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‚ÄčTogether Frankfort

Standing with Charlottesville
Comments by the Honorable Bill May
Mayor, City ofFrankfort, Kentucky
Shared with the Frankfort community on

Wednesday, August 16, 2017
Capitol Annex, Frankfort

Mayor Bill May spoke to those assembled on Wednesday, August 16, 2017, condemning hate speech, language and violence. Mayor May, who has received Frankfort Chapter NAACP President's Award and the Kentucky Sheriffs' Association President's Award, re-emphasized his focus on public safety, an issue which has been part of his platform as Mayor.  He stressed that he is committed to making Frankfort one of the safest, most livable cities in America, where everyone has an equal opportunity for success.

May described that the City of Frankfort is part of the group of Compassionate Communities.

  • "In a Compassionate Community, the needs of all the inhabitants of that community are recognized and met, the well-being of the entire community is a priority, and all people and living things are treated with respect.  More simply, in a Compassionate Community, people are motivated by compassion to take responsibility for and care for each other."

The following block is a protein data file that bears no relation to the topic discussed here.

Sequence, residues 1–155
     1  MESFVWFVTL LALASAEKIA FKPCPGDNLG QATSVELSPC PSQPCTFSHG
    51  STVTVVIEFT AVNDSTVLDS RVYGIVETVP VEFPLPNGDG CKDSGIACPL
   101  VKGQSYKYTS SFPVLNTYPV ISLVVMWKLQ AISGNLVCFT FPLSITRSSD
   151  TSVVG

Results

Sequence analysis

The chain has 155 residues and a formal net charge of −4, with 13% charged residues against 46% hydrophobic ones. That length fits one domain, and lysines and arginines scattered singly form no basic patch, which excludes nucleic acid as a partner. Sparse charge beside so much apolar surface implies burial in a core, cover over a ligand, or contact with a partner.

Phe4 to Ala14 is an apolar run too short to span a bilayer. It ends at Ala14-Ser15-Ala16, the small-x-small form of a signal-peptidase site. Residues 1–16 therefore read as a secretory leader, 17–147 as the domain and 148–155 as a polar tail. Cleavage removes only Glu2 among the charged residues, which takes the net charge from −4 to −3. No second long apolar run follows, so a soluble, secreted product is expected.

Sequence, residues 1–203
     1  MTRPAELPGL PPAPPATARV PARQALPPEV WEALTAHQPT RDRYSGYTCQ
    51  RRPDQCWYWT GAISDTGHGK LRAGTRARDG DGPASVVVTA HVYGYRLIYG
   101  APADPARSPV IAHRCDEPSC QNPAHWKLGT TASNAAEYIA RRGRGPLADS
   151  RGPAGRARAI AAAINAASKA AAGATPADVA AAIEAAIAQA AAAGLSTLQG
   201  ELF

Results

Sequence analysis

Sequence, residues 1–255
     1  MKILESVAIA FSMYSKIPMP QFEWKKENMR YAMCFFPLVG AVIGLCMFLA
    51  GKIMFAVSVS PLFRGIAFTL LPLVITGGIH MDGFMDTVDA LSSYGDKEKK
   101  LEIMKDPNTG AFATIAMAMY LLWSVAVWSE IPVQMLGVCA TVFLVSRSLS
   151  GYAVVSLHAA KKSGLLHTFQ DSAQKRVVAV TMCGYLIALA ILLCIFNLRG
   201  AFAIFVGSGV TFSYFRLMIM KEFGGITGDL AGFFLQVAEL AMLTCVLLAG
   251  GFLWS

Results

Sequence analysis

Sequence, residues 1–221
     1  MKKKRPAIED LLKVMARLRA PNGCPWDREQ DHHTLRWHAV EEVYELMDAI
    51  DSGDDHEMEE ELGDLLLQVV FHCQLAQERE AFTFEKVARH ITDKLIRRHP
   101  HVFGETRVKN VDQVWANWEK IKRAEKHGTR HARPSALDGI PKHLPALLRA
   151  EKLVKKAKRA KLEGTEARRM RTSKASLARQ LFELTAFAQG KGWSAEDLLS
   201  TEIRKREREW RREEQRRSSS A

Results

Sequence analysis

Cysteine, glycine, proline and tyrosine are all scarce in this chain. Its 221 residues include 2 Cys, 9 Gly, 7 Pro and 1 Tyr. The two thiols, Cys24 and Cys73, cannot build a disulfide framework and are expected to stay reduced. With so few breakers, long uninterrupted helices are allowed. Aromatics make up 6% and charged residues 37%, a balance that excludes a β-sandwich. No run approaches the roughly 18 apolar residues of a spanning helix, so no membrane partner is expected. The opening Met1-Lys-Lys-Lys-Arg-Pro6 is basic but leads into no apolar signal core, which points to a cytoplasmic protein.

From the website:

Mayor May discussed that during the process of working toward that designation, he had the incredible opportunity to meet with the Dali Lama. During that visit, His Holiness the 14th Dali Lama gave him hope and inspiration for compassion, as the Frankfort community was engaged in a heated debate about the proposed fairness ordinance.

Frankfort's fairness ordinance, enacted the same month in 2013 in which the Dali Lama visited Louisville, Kentucky, had brought members of Frankfort's faith community speaking both in favor and against its passage.  Debates about the ordinance had been heated and frequent throughout the summer of 2013. Mayor May, who supported Frankfort's fairness ordinance, discussed that the Frankfort community eventually demonstrated its stand against hate and violence. 

Mayor May read a resolution condemning the hate speech and actions represented by the "United the Right" rally in CharlottesvilleMay indicated that he would introduce the resolution to the city commissioners' meeting on August 28 and encouraged those gathered to attend the meeting.